Me:    (Shit, I must seem gay PLUS she doesn’t like kids…wow her hair really holds the curl and she has a first-rate colorist too, SHUT THE FUCK UP, DAVID!)  Well, yes, I have just the one from my first marriage (feeling desperate now) but he’s special needs (she must use really big rollers to get those Farrah Fawcett size curls).

The curls that changed the world and distracted me from concentrating on my heterosexuality.

Went downhill from there.

Here’s the thing:  I spent my entire life learning how not to give a shit if I seemed gay; purging that self-conscious, self-loathing observer in my head who prevented me from ever feeling relaxed.  Many years of therapy.  I did finally get to a place in my life where I just was and wasn’t trying to be anything but authentic.  I couldn’t hear my own voice anymore and that was a big relief.  Believe me, if you’re gay it’s the best kind of disability to have: the inability to be sitting in constant judgement of whether you seem gay.

Then I started acting again and here’s the thing: how many gay characters are there?  What is it, maybe 2%?  In a field that’s so competitive, can I afford to be excluded from 98% of all the parts? Listen, my total preference would be to just play effete hotel managers or be the superficial gay neighbor who comes in, says something hysterical about a dress or the drapery, and then minces out the door, but there just aren’t as many of those parts as there ought to be!  So here I am, seventeen again, running around the N.Y.U. campus conflicted about how gay I seem.  What year is it?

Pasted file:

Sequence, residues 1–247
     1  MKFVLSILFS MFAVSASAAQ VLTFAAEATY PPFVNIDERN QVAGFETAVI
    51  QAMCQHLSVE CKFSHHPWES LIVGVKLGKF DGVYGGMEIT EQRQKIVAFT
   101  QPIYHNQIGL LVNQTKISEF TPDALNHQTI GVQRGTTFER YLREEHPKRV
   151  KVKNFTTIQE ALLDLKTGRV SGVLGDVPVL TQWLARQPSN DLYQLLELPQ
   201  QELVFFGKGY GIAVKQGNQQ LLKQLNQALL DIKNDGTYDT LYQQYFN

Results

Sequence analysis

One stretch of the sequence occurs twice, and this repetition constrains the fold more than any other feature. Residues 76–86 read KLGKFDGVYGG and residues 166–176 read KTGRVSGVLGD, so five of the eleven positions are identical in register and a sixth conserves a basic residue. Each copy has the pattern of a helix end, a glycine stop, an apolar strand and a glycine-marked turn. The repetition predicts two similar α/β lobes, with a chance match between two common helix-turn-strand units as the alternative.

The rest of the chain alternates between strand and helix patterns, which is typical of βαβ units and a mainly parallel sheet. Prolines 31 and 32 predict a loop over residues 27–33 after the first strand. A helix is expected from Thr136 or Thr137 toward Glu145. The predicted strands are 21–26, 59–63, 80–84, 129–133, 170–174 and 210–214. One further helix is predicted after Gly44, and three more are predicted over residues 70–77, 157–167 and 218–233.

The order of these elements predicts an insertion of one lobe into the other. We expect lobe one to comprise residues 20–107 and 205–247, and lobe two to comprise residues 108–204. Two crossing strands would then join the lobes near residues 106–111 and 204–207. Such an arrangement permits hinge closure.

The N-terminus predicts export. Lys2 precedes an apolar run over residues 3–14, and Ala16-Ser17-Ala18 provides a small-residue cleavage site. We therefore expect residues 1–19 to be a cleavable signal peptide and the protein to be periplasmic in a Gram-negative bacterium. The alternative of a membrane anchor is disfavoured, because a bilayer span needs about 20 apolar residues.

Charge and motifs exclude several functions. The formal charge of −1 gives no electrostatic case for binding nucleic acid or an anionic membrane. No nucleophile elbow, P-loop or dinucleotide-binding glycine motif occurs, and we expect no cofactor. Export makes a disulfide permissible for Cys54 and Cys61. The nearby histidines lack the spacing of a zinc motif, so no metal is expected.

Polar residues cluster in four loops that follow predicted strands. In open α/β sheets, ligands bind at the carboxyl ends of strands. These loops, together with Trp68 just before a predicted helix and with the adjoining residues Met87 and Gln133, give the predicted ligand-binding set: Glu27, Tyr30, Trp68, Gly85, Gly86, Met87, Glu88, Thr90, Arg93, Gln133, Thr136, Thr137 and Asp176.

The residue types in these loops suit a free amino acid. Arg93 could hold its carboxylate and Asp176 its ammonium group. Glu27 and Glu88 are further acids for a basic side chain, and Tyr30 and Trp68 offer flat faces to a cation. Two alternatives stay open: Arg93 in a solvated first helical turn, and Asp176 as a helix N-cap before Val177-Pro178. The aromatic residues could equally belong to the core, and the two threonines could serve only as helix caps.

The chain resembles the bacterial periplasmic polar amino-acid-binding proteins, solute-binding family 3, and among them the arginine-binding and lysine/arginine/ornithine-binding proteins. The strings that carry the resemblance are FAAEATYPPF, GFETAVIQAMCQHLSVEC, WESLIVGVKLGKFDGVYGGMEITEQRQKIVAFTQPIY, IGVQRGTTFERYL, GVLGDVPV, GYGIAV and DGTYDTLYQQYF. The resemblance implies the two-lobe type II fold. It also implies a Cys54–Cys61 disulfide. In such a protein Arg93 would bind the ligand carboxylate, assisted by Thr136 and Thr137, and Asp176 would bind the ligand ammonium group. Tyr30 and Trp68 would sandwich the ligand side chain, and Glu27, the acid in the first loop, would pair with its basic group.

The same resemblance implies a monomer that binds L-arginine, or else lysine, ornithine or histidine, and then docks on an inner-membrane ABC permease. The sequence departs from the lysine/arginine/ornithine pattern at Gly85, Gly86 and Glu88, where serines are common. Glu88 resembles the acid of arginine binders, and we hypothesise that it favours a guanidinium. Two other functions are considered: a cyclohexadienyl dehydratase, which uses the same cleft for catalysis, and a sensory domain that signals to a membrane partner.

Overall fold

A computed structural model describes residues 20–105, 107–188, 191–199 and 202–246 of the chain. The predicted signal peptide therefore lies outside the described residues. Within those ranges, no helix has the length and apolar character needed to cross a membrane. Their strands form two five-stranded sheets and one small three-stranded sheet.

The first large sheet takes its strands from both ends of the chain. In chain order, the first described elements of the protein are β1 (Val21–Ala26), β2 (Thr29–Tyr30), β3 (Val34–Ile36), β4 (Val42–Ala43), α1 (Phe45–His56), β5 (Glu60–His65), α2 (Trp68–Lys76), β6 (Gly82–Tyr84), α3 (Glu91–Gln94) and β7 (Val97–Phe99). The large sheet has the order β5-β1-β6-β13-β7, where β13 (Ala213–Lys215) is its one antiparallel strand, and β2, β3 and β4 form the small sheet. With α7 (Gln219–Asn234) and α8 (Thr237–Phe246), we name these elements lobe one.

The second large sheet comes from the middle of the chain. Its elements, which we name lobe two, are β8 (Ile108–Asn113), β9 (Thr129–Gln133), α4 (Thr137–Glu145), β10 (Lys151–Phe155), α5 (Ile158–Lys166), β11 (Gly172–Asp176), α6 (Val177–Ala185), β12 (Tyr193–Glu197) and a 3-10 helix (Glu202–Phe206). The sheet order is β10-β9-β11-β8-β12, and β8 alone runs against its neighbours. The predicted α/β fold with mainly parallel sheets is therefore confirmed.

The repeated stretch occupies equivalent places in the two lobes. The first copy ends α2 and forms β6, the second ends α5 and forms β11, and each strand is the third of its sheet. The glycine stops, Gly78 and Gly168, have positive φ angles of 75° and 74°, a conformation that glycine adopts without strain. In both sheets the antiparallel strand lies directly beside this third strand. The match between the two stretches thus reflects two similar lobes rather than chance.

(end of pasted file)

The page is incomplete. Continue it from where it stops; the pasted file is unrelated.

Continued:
Failing to get any acting parts, I would be happy enough if I could just play myself on TV, but, somehow, in the impregnable avalanche of opportunities that cascaded over my freckled face in the wake of Girls Who Like Boys…, it’s come to this. But I’m really happy — honest injun’!  If I get the part, great, if I don’t get the part, you get a blog entry!  It’s a win-win, or a lose-win!  And that, my friends is most certainly what Cher would do!




  1. Brenda Cigis
    April 4, 2012 at 7:00 am

    Love this, David!!!!!

  2. David Munk
    April 4, 2012 at 11:44 am

    Thanks for reading Brenda!